The camp day was well organized. I stood back and watched a Parts of the Horse lesson that involved sticking labels on an actual horse. Then, it was on to horse assignments for the days ride.
It tickles me that, at every camp I’ve been to, this is met the same way…mostly squeals of delights, but also always some groans or pouts. I wish I could pull the letdown kids aside and assure them, that when they look back 5 or 10 years from now, they will realize the horses that offered distinct challenges were the ones that made them better riders.
I enjoyed watching the small herd of mannerly horses in all shapes, sizes and colors carry their riders of various levels of proficiency around the arena. It wasn’t just the horses who were polite. I was struck by how respectful each of these kids were to both trainer and each other, as well as how neatly turned out they were. But that night, when I sat down to dinner with “Miss Teresa”, it all made sense.
I’ve known Teresa Pennington for many years, so as she shared the story of how she built her business, her gracious humbleness did not surprise me. But her tenacity certainly did. She explained simply and with no malice in her voice, how each seemingly impossible obstacle she met and overcame, led to a new opportunity.
Her eyes lit up as she talked about a very special student, Alicia Rapp Thames, whose family have been her business partners for 21 years. Twenty-five years ago, six year old Alicia was a participant in a lesson and camp program Teresa ran as an independent contractor at a local stable. Alicia watched Teresa getting one of her own personal Appaloosas ready to show and told her parents “I want to do that too.” She wasn’t kidding, either. To this day, Alicia is a very accomplished horsewoman who continues to enjoy an extremely successful reining and non-pro career.
Luckily, Barry and Teresa Rapp believed their young daughter at the time she said that. They jumped in with both feet, purchasing the farm that became Windemere Equestrian Center. It speaks to the honesty and mutual trust that Teresa Pennington and Barry and Teresa Rapp have shown each other, that this partnership has endured 21 years. It doesn’t happen very often in this business.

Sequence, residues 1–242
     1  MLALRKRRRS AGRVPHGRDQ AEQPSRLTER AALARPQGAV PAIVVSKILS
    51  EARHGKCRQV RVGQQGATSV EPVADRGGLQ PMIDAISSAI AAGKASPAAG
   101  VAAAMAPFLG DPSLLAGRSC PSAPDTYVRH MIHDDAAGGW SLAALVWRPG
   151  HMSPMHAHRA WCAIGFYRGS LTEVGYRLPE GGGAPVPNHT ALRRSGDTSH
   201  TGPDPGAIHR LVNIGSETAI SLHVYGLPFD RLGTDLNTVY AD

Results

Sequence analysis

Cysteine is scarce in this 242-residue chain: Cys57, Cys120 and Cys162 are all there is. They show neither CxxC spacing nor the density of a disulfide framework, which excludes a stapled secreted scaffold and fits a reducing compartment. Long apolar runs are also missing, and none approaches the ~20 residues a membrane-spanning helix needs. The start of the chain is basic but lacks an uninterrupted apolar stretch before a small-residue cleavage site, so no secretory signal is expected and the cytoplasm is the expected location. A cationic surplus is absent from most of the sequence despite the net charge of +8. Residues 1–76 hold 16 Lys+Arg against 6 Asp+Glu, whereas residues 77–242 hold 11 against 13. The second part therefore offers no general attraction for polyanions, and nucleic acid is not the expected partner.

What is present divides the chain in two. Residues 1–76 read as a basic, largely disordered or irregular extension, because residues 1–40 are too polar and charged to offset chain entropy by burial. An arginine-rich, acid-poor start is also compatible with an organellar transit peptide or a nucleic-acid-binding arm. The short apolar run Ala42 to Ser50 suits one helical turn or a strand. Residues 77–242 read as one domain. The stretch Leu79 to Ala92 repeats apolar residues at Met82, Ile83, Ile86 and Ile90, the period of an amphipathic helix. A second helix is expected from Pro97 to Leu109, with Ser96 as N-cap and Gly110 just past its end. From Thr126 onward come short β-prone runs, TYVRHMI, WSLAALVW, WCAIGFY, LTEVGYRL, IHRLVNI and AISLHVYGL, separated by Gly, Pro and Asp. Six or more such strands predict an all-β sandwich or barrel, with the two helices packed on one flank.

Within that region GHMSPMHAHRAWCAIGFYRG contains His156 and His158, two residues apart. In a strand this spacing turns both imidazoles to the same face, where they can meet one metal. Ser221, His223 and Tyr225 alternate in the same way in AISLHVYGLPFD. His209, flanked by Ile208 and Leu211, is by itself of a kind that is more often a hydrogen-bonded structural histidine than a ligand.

After we talked about how she added reining and then roping to her already well rounded program, we got around to a much more personal subject, Teresa’s son, Luke.
Of all the great achievements in this hard working single mom’s life, Luke is the solid proof of what this woman is made of. Teresa admits Luke wasn’t initially crazy about horses and riding, but she knew her tightly packed schedule wouldn’t allow for a lot of driving around to baseball or football practices. So she bought him a pony and spent the next couple years trying to convince him it was what he wanted to do.
When Luke was in high school, Teresa became worried about her son’s direction and made another brave and selfless decision. Without hesitation, she made every sacrifice necessary to send her son to Camden Military Academy in Camden, South Carolina.
Again, her tenacity has paid off and Luke has excelled both academically and personally. He was named Platoon Sergeant of Delta Company and was the first member of the newly formed IEA team at Camden Military Academy.
In a recent phone call, Teresa told me how badly she wanted to go to watch his first competition, but she is scheduled to take 25 kids and horses to the county fair. If it were anyone else, I would have thought I heard the number wrong, but I know her. That is Teresa. And for the lucky kids around Jacksonville, Florida, they will always know where to find their Best Horse Camp and Miss Teresa.